N.B this funny mark " π " is ment to be Pi.  Strange malformation beteween a genuine Pi symbol on my computer and the copy and paste of it to the forum. 

Back to the practical.  So effectively a Mil has it origins in the Artillery seeking significant improvements in gun laying accuracy and it became the adopted standard for the Army in all things land navigation?  You mention the Navy were involved in defining the Mil.  Their navigation is and always has been based on the 360° (and boxed) compass.  So do the Navy use Mils for gun laying? 

I can see it being advantageous for on-shore batteries.   But on a vessel bobbing about on the seas as well as moving through the sea?  Bit of a tall order to try and achieve that sort of accuracy and precision that the Mil endows.

adi

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Re: Azimuth or Bearing
« Reply #28 on: November 24, 2012, 04:57:45 PM »
[Moderator comment: on the off-chance that an artilleryman reads this and acts on it, I've corrected the mils/degrees confusion; original text in [], corrected text in italics]

Lets make one thing clear we are talking about the British Mils system which is now the NATO Mil, different countries use different Mil systems, Russia being notable.

Basically there are 18 mils to 1° more accurately there is 17.777 mils to 1°.

A 1 degree deviation from a bearing over 1 Km is 18 meters or more accurately 17.777 meters this is well within the effective kill zone of an Artillery shell which differs between weapon type but for the purpose of this conversation is a radius of 75 m. And it is very rare for 1 gun to fire one round as a fire mission, normally the very least is 3 rounds from 6 guns and like with darts it is hard to have the rounds fly without some deviation in flight so they don't hit the ground  in the exact place, meaning they are an area weapon.

Depending on the charge used we could shoot up to 30 Km so a deviation of 1 degree would mean a loss of accuracy of around 540 meters add to that deviations in the fight and other tolerances the accuracy could drop to around 1 km.

This is unacceptable by any ones standards so you can start to see why the Artillery are masters of bearings and navigation. In the OP's the Artillery observers when a gun fires you expected to see the splash of the round with in the field of view of the binoculars, if you did not see the splash you would ask your team if they saw the splash without using bins if they did not something very wrong has happened. If you have not heard the round splashing then your ass was seriously on the line because the round had dropped somewhere unknown and you are never sure it has splashed safely.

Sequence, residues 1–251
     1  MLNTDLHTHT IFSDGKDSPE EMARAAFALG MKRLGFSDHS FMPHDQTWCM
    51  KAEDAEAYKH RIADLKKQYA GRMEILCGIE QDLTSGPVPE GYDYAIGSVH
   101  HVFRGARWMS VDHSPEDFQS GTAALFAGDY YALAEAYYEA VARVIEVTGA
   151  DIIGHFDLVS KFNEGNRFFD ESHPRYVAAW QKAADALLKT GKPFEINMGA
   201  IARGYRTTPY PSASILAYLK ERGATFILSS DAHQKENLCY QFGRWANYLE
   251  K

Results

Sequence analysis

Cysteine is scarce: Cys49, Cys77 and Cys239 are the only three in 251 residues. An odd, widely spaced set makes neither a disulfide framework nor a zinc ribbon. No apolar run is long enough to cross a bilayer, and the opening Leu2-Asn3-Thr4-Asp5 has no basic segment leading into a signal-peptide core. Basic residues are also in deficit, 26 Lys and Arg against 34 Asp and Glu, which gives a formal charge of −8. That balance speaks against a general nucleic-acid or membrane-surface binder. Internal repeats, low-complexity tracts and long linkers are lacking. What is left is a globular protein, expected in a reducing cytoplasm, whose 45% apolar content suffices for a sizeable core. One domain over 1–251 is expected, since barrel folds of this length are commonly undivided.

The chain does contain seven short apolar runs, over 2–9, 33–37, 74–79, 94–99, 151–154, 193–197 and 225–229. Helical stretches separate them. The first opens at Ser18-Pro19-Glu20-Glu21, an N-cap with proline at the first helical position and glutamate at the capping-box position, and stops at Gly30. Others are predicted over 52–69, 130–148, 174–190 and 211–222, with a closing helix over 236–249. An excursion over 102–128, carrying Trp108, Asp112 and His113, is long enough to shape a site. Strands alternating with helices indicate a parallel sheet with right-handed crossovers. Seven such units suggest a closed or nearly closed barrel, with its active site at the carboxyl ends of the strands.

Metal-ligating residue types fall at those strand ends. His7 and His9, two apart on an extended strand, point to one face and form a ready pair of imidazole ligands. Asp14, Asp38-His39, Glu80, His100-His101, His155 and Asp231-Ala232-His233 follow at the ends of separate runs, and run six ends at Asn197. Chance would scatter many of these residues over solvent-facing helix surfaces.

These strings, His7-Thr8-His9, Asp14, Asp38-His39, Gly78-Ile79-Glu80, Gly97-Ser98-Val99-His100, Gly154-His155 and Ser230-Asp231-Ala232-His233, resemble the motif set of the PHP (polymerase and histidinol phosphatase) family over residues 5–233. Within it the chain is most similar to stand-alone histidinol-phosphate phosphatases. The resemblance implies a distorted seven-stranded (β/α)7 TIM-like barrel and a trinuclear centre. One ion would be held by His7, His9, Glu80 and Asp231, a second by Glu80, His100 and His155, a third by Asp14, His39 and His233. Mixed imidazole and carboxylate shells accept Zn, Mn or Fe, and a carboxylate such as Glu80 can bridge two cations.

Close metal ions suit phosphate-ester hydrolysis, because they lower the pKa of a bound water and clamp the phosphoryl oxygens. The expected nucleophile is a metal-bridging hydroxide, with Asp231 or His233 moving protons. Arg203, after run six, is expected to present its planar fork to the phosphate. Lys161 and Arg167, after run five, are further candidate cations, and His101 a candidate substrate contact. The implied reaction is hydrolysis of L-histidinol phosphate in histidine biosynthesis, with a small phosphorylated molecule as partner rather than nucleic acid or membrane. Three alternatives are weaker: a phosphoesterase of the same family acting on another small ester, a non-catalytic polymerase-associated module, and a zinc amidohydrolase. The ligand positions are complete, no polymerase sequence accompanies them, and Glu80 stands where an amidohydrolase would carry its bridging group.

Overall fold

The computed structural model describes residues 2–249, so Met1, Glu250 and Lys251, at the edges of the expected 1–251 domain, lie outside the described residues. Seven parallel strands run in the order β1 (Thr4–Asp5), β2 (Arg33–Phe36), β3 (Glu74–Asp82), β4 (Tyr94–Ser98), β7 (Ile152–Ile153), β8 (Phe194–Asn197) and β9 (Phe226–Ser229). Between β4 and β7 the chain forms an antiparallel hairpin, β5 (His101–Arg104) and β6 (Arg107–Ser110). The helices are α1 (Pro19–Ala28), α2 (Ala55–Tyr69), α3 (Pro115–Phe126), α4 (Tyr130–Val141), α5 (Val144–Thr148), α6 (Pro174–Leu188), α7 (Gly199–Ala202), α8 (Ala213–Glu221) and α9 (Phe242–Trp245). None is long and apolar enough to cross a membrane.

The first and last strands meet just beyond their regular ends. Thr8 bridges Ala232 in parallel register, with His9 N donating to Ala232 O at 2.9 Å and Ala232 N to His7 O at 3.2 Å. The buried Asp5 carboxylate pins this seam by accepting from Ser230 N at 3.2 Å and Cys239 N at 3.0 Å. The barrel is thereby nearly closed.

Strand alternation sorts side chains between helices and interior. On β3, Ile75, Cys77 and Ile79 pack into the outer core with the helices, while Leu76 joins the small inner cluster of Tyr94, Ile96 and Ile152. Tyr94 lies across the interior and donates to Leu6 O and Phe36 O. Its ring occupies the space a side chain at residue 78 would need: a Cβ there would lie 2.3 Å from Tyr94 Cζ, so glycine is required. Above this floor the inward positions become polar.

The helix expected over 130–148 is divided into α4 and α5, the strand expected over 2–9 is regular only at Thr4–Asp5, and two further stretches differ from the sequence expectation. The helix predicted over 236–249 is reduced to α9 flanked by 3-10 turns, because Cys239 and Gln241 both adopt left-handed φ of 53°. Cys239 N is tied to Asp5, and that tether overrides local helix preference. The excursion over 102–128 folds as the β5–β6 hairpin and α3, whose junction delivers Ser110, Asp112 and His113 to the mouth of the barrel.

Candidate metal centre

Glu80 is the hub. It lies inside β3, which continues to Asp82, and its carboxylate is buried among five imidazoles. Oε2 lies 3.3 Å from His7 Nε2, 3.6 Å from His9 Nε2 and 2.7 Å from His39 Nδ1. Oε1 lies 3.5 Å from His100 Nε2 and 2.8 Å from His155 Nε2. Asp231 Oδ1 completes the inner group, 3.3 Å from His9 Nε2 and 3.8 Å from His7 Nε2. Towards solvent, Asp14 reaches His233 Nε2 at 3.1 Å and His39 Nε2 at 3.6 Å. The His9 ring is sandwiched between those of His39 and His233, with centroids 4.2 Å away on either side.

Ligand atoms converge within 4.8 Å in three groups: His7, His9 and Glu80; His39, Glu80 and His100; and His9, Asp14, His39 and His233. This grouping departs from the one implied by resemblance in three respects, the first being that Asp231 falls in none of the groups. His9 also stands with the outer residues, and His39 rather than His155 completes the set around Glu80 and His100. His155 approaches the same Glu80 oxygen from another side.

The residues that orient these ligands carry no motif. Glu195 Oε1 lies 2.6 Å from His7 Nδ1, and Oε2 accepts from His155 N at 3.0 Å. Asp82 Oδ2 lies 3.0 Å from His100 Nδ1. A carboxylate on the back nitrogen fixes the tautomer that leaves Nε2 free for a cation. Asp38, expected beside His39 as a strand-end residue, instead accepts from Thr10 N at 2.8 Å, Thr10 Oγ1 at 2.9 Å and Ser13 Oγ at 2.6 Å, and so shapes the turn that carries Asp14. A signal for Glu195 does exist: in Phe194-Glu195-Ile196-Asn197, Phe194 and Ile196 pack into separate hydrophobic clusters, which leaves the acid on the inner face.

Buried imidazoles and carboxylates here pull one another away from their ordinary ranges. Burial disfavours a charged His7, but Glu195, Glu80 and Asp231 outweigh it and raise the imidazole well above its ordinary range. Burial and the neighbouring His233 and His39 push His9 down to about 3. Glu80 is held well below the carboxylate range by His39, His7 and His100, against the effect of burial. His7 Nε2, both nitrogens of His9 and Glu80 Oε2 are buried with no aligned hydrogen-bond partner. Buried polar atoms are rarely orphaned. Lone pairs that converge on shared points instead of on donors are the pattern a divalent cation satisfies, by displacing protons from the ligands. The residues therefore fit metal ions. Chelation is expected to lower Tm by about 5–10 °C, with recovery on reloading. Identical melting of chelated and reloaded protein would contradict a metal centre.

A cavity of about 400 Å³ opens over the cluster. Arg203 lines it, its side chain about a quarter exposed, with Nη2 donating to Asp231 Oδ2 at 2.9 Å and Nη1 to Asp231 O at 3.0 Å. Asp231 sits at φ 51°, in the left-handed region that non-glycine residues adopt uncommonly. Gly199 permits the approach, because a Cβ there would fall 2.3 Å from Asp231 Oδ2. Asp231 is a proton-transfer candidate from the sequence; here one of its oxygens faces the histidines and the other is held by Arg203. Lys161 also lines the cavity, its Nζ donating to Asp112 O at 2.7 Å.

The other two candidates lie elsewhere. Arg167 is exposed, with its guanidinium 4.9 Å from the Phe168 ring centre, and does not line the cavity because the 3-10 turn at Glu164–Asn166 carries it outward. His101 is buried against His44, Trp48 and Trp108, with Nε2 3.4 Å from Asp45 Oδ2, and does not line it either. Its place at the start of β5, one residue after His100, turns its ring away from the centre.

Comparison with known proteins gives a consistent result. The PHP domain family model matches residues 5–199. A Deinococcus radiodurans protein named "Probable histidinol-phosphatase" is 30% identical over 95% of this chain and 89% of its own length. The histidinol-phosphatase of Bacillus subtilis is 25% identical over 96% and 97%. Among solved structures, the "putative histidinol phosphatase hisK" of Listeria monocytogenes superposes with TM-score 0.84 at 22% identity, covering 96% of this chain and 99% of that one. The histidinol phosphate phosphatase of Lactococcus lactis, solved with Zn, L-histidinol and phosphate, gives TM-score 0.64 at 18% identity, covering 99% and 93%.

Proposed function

[Moderator comment:

The length of a circular arc of radius r, and subtended angle, theta radians, is simply r*theta.  Now, since the mil is essentially a milliradian*, the length of a circular arc of radius r and subtended angle 1mil is r.1/1000.  So, for a radius of 1000m, the arc length is 1000*1/1000 = 1m.  This is the reason why mils are useful for artillery purposes, because the arithmetic for correcting shot fall angle is simple.

*There is a small error arising from the approximation of 6400 mil in a circle, compared with 6283 milliradians; about 1.25% error.]

Cheers CP for spotting that the second correction should be degrees because i am trying to explain the size of the error using degrees. If that makes sense. (I think, it was ages ago since i posted that)
   
« Last Edit: December 20, 2012, 12:31:27 PM by captain paranoia »
"We do not belong to those who only get their thought from books, or at the prompting of books - it is our custom to think in the open air, walking, leaping, climbing or dancing, of lonesome mountains by preference, or close to the sea, where even the paths become thoughtful." Friedrich Nietzsche

Hugh Westacott

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Re: Azimuth or Bearing
« Reply #29 on: November 24, 2012, 05:07:26 PM »
Could not greater accuracy be achieved by dividing every degree in a circle into 20 divisions? That might prevent a lot of confusion.

Hugh